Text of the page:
What is Acne-Prone Skin?
Having acne-prone skin simply means that someone is more likely to get blemishes. Acne is most commonly caused by an overproduction of sebum (oil) in the skin, mixing with hair follicles, which leads to breakouts. That's why a lot of people who have acne-prone skin also have oily skin, even though it doesn't limit it to this skin type. There's no one answer fits all when it comes to the causes of being more prone to acne but we took a deeper dive into what could be causing it.
What are some of the causes of acne?
1. Hormonal Acne
Hormonal acne can be due to hormone fluctuations during the menstrual cycle. It’s not uncommon to see a few whiteheads appear when approaching your period. It can also be due to a hormone imbalance; in that case you would get cystic acne on the chin and around the mouth. These can be quite painful and are the most difficult to tackle with skincare. If this sounds familiar, speak to your GP who will help you find the best treatment for your acne.
2. Stress Can Cause Acne
If you’ve been feeling stressed and are starting to see some breakouts appear, you might have an imbalance with your cortisol levels. “Stress affects your oil chemistry – more sebum is secreted when you are stressed, which can plug up your oil glands,” says Dr. Dennis Gross, NYC-based dermatologist and brand founder. With that in mind, switch to an oil-free moisturiser such as Dr. Dennis Gross Coussin hydratant sans huile de la marine hyaluronique, 64,00 £, and look for spot treatments with sulphur, which will “control the oil that feeds the bacteria,” adds Dr. Gross.
3. Certain Foods Can Cause Acne
What you put in your body can have a huge impact on your skin, so try and eat a balanced diet with nutrients that feed your body and your skin properly. We’re not saying that you can’t treat yourself but make sure you’re getting your greens and nutrient-dense foods too. Foods that are highly processed can cause inflammation to the gut, which is then reflected on your skin. Dr. Gross, who recommends LED light-therapy: “it kills acne-causing bacteria and reduces inflammation to improve skin clarity. Results are often seen after just one treatment.”
4. Sensitive skin can also be blemish-prone skin
While a lot of internal factors can cause acne, blemishes can also be caused by external factors, especially for those who have sensitive skin. It's worth taking a closer look at the active skincare ingredients you're using to make sure nothing is causing contact dermatitis, or making your skin more sensitive and damaging your skin barrier.
What is the best skincare to treat acne?
When it comes to using skincare for acne, opt for products with exfoliating ingredients that help to kill bacteria and reduce the appearance of breakouts. Look to ingredients like salicylic acid and azelaic acid that will help loosen blocked pores and gently exfoliate. Lately, people have been skin cycling to boost the skin’s turnover, using exfoliants and retinol.
Depending on how severe your flare-ups are, you can bespoke your skincare routine using these actives to target your spots. From cleansers like the Oskia Nettoyant à l'eau violette, 34,00 £ to spot treatments like the Caudalie Vinopure Salicylic Spot Stop, 11,00 £ . You can choose to treat your acne overall or choose a targeted treatment for those stubborn spots.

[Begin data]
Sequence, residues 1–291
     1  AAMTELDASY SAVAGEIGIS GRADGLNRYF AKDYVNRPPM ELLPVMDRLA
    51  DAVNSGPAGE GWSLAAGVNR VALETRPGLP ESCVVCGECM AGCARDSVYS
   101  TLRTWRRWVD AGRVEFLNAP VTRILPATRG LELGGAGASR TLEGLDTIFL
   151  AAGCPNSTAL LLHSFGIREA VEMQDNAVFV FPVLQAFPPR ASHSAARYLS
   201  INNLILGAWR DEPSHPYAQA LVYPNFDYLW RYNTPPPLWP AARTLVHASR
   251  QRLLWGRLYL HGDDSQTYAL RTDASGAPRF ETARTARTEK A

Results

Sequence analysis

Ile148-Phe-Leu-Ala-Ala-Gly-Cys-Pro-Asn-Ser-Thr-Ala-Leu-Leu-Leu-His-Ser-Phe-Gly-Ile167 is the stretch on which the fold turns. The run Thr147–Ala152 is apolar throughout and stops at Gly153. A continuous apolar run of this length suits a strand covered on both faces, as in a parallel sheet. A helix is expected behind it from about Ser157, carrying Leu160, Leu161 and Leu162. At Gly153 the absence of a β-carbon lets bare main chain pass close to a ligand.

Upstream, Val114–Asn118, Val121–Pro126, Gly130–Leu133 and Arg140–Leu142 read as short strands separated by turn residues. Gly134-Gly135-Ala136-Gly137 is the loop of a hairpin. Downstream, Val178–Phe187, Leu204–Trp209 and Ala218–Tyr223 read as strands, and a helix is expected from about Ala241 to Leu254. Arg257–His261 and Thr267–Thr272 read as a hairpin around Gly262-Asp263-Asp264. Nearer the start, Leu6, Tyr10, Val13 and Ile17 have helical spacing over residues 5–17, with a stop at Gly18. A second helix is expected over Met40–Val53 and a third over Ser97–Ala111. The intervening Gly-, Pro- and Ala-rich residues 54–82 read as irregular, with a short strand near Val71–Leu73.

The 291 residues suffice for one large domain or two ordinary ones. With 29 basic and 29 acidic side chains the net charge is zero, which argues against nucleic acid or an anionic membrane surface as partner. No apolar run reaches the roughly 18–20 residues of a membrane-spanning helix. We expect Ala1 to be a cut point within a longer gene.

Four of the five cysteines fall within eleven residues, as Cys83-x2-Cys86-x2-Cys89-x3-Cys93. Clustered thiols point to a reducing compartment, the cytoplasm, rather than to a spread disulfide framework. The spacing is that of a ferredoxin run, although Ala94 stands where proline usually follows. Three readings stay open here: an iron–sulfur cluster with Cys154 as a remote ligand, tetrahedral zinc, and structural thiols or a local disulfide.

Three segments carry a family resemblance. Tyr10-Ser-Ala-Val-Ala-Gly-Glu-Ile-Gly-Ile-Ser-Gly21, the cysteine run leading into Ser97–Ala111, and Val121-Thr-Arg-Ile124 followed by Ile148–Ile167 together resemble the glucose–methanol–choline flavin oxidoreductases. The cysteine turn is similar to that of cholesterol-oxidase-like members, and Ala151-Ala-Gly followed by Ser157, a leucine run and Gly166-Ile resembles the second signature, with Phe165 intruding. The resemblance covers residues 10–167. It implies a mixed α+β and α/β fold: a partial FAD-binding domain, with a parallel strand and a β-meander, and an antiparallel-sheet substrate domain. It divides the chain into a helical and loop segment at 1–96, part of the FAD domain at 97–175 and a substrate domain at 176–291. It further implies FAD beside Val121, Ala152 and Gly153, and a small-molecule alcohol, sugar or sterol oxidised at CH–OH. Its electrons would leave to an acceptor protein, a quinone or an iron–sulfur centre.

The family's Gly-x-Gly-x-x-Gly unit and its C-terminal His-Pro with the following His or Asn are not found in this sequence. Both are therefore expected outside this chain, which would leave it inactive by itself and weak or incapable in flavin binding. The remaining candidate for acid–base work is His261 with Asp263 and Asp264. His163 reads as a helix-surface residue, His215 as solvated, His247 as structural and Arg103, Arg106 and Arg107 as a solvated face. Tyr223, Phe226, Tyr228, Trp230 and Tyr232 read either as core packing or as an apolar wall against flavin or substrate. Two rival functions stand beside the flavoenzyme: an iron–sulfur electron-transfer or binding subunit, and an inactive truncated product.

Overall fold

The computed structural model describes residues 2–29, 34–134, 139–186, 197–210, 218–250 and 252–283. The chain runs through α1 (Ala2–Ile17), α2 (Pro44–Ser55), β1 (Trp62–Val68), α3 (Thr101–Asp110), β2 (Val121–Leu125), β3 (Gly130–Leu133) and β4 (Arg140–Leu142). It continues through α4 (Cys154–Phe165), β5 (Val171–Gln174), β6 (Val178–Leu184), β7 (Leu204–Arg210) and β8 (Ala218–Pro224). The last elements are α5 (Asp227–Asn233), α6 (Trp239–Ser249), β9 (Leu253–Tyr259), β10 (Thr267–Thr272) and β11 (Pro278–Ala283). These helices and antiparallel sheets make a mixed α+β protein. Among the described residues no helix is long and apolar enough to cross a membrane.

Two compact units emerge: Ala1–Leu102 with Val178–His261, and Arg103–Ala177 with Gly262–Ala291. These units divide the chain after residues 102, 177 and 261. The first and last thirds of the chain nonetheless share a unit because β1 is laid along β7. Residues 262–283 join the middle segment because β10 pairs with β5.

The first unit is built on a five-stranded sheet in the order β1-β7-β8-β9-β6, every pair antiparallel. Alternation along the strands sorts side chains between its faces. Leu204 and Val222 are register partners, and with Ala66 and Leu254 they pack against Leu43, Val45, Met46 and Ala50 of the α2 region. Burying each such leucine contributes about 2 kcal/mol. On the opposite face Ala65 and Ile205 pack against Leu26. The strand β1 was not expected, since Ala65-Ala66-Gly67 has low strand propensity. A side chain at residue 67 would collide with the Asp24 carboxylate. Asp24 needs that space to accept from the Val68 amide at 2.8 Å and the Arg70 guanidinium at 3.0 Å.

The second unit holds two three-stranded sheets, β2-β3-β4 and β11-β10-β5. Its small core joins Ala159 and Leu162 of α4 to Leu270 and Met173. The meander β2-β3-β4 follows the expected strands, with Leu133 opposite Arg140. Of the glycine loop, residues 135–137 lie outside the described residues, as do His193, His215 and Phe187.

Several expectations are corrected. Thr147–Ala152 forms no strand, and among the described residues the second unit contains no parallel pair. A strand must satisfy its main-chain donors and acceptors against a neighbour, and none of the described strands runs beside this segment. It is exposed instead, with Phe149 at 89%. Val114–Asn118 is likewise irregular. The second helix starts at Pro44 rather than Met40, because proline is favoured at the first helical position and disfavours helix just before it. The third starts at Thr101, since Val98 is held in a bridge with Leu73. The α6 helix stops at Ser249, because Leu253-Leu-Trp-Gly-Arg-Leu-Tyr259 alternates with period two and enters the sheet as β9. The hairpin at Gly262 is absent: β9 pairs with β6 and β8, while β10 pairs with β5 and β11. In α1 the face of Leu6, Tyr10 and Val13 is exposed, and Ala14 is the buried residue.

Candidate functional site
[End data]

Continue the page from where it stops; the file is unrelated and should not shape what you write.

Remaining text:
How long does it take to treat acne?
The key to achieving any skincare goal is to be patient and consistent. You can implement the right habits and use the best skincare, your blemishes will not vanish over night. It usually takes about two days to a week for one spot to go away, you just want to make sure you're using the right products without being too harsh.
You also want to avoid touching your skin too much, otherwise you might be leaving a strong scar. You never know when you might get a new blemish, but the important thing is to tackle it as soon as it appears.
Everyday tips for blemish-prone skin
1. Keep your makeup light
There is always a time for a full-glam, but if you are prone to breaking out, keep your makeup light and lean towards non-comedogenic products. We like to use the Rose Inc Sérum teinté, 39,00 £ as a base because of its acne-friendly formulation. You can't go wrong with any Rose Inc products as they've all been formulated to suit all skin tones, especially those with blemish-prone skin. Kosas is another good makeup brand to explore as the products are non-comedogenic and contain ingredients you'd usually find in your skincare buys.
2. Keep things simple
Sometimes when we get spots and flare-ups, one of the first reactions is to do everything we can, and use as many products as possible to fight those blemishes. This can have the oppositive effect and damage your skin. We recommend sticking to a simple skincare routine and committing to it, this is the best way to see good results overtime, rather than a quick fix.
3. Know when to consult a doctor
Skincare and lifestyle changes can have an impact on your skin, but if your blemishes persist and you feel like you've "tried everything", it can be worth speaking to a professional and getting a personalised treatment to help you reach your skin goals.
Our final thoughts on acne
Whether it's caused by internal or external factors, acne is something that everybody deals with at one point or another. If you have blemish-prone skin, the key is to stay consistent with your skincare routine and be patient while your skin heals. Results won't happen overnight but your efforts will have an impact and your skin will slowly start to recover.
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